NYT: Obama letting big corporations off the hook with ObamaCare waivers

posted at 9:30 am on October 7, 2010 by Ed Morrissey

Actually, that’s closer to the headline on MSNBC’s reprint (“White House allows big firms to dodge health reforms”) of this New York Times article than the one in the Times itself (“Waivers Address Talk of Dropping Coverage”), but the meaning is plain either way.  Instead of enforcing the ballyhooed standards and mandates for insurers that Congress passed in ObamaCare, Kathleen Sebelius and the White House blinked in the face of bad press and exempted dozens of companies from the law.  If the marketplace had uncertainty before, the administration has made the situation much, much worse:

As Obama administration officials put into place the first major wave of changes under the health care legislation, they have tried to defuse stiffening resistance — from companies like McDonald’s and some insurers — by granting dozens of waivers to maintain even minimal coverage far below the new law’s standards.

The waivers have been issued in the last several weeks as part of a broader strategic effort to stave off threats by some health insurers to abandon markets, drop out of the business altogether or refuse to sell certain policies.

Among those that administration officials hoped to mollify with waivers were some big insurers, some smaller employers and McDonald’s, which went so far as to warn that the regulations could force it to strip workers of existing coverage. ….

To date, the administration has given about 30 insurers, employers and union plans, responsible for covering about one million people, one-year waivers on the new rules that phase out annual limits on coverage for limited-benefit plans, also known as “mini-meds.” Applicants said their premiums would increase significantly, in some cases doubling or more.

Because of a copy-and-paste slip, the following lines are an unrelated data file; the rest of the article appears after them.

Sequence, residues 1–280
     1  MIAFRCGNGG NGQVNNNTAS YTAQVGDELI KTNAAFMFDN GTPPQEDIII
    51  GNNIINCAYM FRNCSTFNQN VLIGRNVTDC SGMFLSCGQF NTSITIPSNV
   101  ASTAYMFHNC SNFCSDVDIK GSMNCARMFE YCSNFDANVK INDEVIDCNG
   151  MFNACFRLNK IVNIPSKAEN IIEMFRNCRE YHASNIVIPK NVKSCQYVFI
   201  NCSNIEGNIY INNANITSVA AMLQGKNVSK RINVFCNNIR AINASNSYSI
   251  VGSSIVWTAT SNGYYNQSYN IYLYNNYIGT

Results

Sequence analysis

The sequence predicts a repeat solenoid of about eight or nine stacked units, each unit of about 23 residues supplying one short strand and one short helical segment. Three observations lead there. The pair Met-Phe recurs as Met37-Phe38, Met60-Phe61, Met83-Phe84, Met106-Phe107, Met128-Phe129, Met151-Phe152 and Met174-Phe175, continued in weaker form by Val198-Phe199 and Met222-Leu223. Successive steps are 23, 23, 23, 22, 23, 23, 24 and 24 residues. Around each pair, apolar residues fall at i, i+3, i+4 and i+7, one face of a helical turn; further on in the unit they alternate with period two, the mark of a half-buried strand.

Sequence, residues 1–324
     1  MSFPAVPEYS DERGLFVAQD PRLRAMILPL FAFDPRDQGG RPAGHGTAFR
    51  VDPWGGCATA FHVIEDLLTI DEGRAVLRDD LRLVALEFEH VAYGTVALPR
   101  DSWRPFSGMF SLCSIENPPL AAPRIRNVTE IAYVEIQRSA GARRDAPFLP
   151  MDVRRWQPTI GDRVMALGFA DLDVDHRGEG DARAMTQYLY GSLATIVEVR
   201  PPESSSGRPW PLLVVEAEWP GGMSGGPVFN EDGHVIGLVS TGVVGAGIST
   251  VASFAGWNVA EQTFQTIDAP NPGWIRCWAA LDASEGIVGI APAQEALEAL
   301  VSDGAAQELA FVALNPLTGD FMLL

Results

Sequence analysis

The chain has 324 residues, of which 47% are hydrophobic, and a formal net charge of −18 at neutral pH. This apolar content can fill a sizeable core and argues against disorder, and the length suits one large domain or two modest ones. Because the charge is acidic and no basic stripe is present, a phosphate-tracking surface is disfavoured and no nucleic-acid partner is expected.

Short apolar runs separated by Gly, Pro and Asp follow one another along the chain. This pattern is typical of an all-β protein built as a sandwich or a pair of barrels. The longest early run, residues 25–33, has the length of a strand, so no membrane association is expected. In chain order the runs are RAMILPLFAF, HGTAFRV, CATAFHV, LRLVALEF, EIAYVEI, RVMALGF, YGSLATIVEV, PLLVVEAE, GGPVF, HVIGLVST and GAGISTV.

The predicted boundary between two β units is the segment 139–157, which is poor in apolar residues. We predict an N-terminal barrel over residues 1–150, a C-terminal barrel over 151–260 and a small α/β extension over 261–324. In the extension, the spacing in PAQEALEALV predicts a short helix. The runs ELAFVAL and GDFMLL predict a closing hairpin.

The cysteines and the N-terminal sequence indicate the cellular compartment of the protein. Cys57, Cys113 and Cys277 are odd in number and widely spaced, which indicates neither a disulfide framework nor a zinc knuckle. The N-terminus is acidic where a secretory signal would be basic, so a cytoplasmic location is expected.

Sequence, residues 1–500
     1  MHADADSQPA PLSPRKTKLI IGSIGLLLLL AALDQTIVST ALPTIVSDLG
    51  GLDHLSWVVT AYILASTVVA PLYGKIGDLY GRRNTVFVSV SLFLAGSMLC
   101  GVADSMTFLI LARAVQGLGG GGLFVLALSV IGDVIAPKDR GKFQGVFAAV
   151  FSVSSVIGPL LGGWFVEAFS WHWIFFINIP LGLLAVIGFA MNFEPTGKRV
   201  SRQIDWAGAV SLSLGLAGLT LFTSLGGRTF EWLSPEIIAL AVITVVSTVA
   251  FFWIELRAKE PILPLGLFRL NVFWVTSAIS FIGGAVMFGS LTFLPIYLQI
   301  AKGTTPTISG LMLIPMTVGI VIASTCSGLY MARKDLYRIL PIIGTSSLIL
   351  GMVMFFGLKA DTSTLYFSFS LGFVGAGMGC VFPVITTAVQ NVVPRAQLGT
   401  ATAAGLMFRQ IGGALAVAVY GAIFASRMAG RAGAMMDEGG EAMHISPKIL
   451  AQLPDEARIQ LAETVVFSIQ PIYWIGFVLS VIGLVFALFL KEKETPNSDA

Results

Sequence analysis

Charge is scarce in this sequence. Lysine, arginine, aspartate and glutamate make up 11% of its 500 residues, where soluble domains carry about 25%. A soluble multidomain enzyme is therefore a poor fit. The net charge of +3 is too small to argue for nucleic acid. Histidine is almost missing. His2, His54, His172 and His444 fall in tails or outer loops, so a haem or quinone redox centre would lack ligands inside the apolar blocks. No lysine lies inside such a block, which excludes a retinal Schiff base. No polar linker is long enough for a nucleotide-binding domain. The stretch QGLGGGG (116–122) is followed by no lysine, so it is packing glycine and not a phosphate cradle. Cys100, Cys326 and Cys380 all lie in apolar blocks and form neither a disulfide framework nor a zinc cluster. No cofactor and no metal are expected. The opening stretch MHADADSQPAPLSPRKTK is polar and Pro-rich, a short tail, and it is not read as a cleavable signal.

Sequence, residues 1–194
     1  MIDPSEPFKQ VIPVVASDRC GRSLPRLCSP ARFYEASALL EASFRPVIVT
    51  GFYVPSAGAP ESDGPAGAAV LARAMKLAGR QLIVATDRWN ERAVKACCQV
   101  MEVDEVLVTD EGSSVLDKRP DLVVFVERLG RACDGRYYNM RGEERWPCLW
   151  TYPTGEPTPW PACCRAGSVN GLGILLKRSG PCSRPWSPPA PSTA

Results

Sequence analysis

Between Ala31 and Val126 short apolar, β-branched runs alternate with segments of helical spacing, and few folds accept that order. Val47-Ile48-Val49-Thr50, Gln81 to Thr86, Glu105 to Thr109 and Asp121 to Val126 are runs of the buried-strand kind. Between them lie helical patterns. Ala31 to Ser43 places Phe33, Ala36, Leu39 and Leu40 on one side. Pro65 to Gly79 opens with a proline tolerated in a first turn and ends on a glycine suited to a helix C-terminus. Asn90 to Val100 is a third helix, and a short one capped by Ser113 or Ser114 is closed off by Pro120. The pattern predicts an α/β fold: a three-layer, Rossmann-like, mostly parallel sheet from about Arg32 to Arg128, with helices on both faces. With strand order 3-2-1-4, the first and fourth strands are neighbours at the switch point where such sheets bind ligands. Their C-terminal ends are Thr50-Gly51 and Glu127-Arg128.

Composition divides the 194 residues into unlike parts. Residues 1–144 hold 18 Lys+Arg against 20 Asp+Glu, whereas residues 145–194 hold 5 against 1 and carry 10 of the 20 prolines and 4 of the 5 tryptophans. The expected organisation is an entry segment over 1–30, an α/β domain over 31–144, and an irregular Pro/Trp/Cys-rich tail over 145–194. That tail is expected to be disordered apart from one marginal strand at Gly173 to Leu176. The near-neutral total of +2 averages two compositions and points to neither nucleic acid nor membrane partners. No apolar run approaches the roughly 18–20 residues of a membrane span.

These early exemptions offer the first signs of how the administration may tackle an even more difficult hurdle: the resistance from insurers and others against proposed regulations that will determine how much insurers spend on consumers’ health care versus administrative overhead, a major cornerstone of the law.

First, let’s point out that the law turned out to be unworkable, almost before it even got started.  Dictating percentages for administration costs in insurance plans isn’t the job of the federal government anyway, but more to the point, that issue is obviously not determinative in value to the consumer — as these waivers proved.  This shows what happens when people with no experience in an industry decide that they can construct it better than the market has structured itself.

The proper action would have been to repeal at least this portion of the law in order to give a level playing field to everyone.  By granting a few dozen waivers at the outset, though, the White House has amplified the uncertainty and arbitrariness in ObamaCare even further.  At least insurers and employers had a figure that they could use for planning.  Now there is no standard at all, except for whatever Kathleen Sebelius decides she likes — and whom she wants to favor.

The Rule of Law depends on an environment with clear regulation and unbiased enforcement.  From the start, ObamaCare lacked any clarity in regulation.  Congress filled the bill with the phrase “The Secretary shall determine” in place of establishing rules and regulations for the massive regulatory regime Congress created.  Now, the White House has added arbitrary enforcement to uncertain regulation and opaque processes.  This is not the Rule of Law, but the Whim of Autocracy.


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